And, as noted, I'd casually pit an Investigator built for combat up against a Mr. Hyde Alchemist and expect him to do as well or better at 4th level plus (especially as levels went up), and not too shabbily before that...though I admit, pounce specifically gives me a bit of pause.

I think you are quite delusional on this front. A +10 to hit and damage for a 3/4 BAB class that doesn't add much else on the combat front besides this ability is quite far behind even at level 20. The Swashbuckler's own precision damage is +20 and they will have no trouble hitting. They also have decent skill points, an archetype that synergizes Int, and many more combat abilities that the Investigator doesn't get. The Slayer and Ranger are the same story. The Inquisitor is another utility/combat oriented class that is not impressed with Studied Combat (and again doesn't wait until 4th level to get its' primary class ability).

Quote:
Investigators can have Mutagen, too.

They have to buy it. The Alchemist doesn't. If you are going for a Mutagen build you've missed out on not playing an Alchemist. It's cheaper to buy up to Improved Studied Combatant as an Alchemist than it is for an Investigator to buy the Mutagen line of Discoveries. Across the board Discoveries seem to be much more powerful than Talents.

Quote:
If your melee Alchemist build sans an AoMF? Because that's likely even more specialized...

AoMF is much more common loot than Inspired weapons. Regardless by mid level you are going to be wanting to be using a manufactured weapon + bite attack and using Alchemical Allocation with a potion of Greater Magic Fang for your bite. You could go AoMF if you were going for full Dex build to grab the Agile property alone. Not my cup of tea though. A cheap potion isn't that specialized.

Having any one class in a party is an opportunity cost of any other class that could have been. The Investigator doesn't get enough to make it a superior choice, and no it's not a better damage dealer than many other classes that also have decent utility and your builds show that this is in fact the case. The numbers are not impressive.

+5 to hit and damage at level 10 could be a lot of other things. It could be an archer ranger, it could be a cracked out Mutagen focused Alchemist (or Fighter now). It could be a buffed battle Cleric or Oracle (that are also full casters). It could be a Magus whose own bonuses to hit and damage embarrass the Investigator. It could be a Bard that is equally as skilled, almost as good in combat, and has better spellcasting.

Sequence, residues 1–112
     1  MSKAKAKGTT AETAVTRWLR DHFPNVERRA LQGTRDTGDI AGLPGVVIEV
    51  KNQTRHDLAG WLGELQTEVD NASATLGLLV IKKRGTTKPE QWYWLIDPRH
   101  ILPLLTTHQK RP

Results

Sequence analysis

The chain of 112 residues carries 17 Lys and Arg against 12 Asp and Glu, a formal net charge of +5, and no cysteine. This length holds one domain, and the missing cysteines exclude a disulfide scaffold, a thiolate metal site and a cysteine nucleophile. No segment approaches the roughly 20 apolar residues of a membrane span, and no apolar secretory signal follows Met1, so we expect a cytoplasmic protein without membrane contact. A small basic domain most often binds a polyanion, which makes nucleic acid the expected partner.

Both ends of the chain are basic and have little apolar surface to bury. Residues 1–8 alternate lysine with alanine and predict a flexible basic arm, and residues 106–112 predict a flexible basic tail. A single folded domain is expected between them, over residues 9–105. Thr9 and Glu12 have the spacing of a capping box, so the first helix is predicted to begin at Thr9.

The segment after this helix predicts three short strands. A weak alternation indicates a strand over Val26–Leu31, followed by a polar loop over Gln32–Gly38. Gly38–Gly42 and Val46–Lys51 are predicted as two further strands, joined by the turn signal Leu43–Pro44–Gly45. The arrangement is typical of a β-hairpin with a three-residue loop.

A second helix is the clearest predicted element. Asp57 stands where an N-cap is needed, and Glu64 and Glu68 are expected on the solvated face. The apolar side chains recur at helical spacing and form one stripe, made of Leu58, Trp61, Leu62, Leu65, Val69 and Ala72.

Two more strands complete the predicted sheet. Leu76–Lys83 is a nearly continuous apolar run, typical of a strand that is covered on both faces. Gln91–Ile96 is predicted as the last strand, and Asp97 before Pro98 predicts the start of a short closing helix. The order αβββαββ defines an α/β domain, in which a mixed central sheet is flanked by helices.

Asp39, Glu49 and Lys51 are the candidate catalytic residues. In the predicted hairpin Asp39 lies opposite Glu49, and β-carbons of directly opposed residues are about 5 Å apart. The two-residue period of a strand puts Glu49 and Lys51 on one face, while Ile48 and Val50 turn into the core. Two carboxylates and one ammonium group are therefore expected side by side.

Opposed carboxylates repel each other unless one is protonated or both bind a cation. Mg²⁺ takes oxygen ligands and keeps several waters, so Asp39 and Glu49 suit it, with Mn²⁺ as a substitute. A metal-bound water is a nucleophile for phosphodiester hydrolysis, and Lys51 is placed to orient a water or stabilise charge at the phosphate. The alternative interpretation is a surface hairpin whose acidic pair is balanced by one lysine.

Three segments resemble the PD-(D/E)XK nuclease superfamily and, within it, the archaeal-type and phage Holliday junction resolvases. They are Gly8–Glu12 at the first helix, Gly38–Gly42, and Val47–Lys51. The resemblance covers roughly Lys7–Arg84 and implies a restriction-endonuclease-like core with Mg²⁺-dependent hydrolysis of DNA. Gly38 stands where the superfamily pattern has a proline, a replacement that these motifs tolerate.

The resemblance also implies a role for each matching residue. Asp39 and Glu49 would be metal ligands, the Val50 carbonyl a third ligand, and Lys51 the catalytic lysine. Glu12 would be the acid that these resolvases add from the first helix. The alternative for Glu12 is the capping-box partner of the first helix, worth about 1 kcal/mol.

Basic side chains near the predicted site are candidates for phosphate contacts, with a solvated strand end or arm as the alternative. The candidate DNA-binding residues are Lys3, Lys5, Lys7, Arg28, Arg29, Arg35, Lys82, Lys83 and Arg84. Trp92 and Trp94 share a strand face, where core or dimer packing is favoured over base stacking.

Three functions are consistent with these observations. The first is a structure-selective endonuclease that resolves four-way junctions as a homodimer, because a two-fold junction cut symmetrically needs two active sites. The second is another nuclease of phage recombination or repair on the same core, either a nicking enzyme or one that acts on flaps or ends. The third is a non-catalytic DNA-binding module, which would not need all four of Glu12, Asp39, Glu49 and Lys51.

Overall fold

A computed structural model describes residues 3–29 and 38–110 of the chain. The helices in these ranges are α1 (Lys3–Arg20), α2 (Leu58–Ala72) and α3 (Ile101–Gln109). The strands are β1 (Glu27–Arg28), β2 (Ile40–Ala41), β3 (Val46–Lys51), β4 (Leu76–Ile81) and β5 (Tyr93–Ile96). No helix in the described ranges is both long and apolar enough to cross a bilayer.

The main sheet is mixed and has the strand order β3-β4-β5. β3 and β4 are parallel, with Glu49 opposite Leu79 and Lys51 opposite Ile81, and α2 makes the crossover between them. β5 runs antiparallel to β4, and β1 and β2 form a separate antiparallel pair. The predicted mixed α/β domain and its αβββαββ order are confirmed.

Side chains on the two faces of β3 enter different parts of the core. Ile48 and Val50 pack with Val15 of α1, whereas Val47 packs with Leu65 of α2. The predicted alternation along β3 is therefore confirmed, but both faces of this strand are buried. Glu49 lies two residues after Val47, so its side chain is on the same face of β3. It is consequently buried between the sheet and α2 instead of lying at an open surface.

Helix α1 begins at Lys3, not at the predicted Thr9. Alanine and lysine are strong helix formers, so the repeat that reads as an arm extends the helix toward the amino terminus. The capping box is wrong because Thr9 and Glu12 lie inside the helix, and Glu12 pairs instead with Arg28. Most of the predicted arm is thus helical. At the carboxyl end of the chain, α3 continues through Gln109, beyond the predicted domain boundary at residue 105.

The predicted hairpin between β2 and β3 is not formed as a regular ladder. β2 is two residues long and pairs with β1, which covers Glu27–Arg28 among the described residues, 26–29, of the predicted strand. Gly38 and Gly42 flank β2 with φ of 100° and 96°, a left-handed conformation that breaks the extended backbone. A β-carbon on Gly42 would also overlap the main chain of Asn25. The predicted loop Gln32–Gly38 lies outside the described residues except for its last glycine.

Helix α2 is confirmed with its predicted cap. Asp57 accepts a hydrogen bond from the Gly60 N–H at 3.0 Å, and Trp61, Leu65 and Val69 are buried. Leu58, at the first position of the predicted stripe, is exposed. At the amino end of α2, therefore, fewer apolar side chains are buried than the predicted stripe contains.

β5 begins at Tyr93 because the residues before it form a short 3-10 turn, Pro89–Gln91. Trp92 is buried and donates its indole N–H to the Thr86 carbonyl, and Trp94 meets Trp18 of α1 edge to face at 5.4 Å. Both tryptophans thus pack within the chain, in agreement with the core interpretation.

The Investigator is at the low end of the power curve. At a level where players will be one-rounding monsters with a CR meant to challenge an entire party with their individual characters, an Investigators main claim to fame will be a piddling damage bonus not multiplied on a crit.


Ignoring every other post, potentially!

Carrion Crown, ehh, it'd be ok. Curse of the Crimson Throne or Council of Thieves it would be awesome.

You'll never be the best in combat though, so if thats your schtick, skip this guy, though he's still hands down better than a rogue.

Scarab Sages

Pathfinder Starfinder Society Subscriber
Don't go into Power Dome A wrote:
...A lot comparing Investigators to Hydes, multiplying damage on crit, etc.

Yes, but where Hydes fail their Will Saves and Skewer the Wizard, Investigators just take another puff on their pipe and ask if anyone else felt that.

The thread asks if Investigators are fun at low levels. Having played one in Mummy's Mask: I say they are. There wasn't a trap I couldn't disarm! (Except for that one with the water... But I rolled poorly and completely forgot about my Inspiration, so... bad memories)

Under A Bleeding Sun wrote:

Carrion Crown, ehh, it'd be ok. Curse of the Crimson Throne or Council of Thieves it would be awesome.

You'll never be the best in combat though, so if that's your schtick, skip this guy, though he's still hands down better than a rogue.

I agree.


It's strange how much to-hit gets undervalued when discussing stuff like this.

Liberty's Edge

jasin wrote:
Is the investigator even noticeably better at skills, 1st-3rd? The +1d6 from investigation is matched by the bard's higher Cha for social skills, by the ranger's favoured enemy for perception skills (only against the favoured enemy, to be fair), somewhat matched by the rogue's higher Dex for physical skills...

Who says the rogue has higher Dex? I mean, you can go either Dex-build or Str build, and in both cases you're probably going to have a similar score to a Str or Dex Rogue (okay, maybe a couple points lower...not enough to counteract Inspiration). And, as mentioned, with Empiricist + Student of Philosophy, you've probably got a stat on par with the Bard's on social stuff (okay, for everything but Intimidate anyway...though there's Bruising Intellect to go that way instead of the friendlier route).

And then there's getting more skill ranks than almost anybody...

jasin wrote:

With high Int and +1d6 for free, he will be the best at knowledges, and that's pretty cool, but adventure design is mostly such that lack of knowledges can be worked around anyway, since any given knowledge can't be counted on to be represented in the party.

And eventually, even being best at knowledges is swept up by the bard.

Actually...I'm not sure it is. At least not meaningfully. Any Investigator worth his salt will get Int boosting Items, which a Bard won't, and eventually grab Amazing Inspiration, so with Int 16 to start with (and never raising it except via a Headband), that's a +10.5, slightly higher than Bardic Knowledge even at 20th (though at 20th, the Inspiration bonus actually doubles, getting you to +15). Now, that ignores the Bard's Int-mod, but for most Bards, that's what, +2? That gives them +11 at 18th-19th, and a bit higher, but only +10 and still lower as late as 17th. So...Bards are better at 18th-19th levels only. That's...not meaningfully better.

A Bard can be better, if focusing on Int, but that's a rare situation indeed.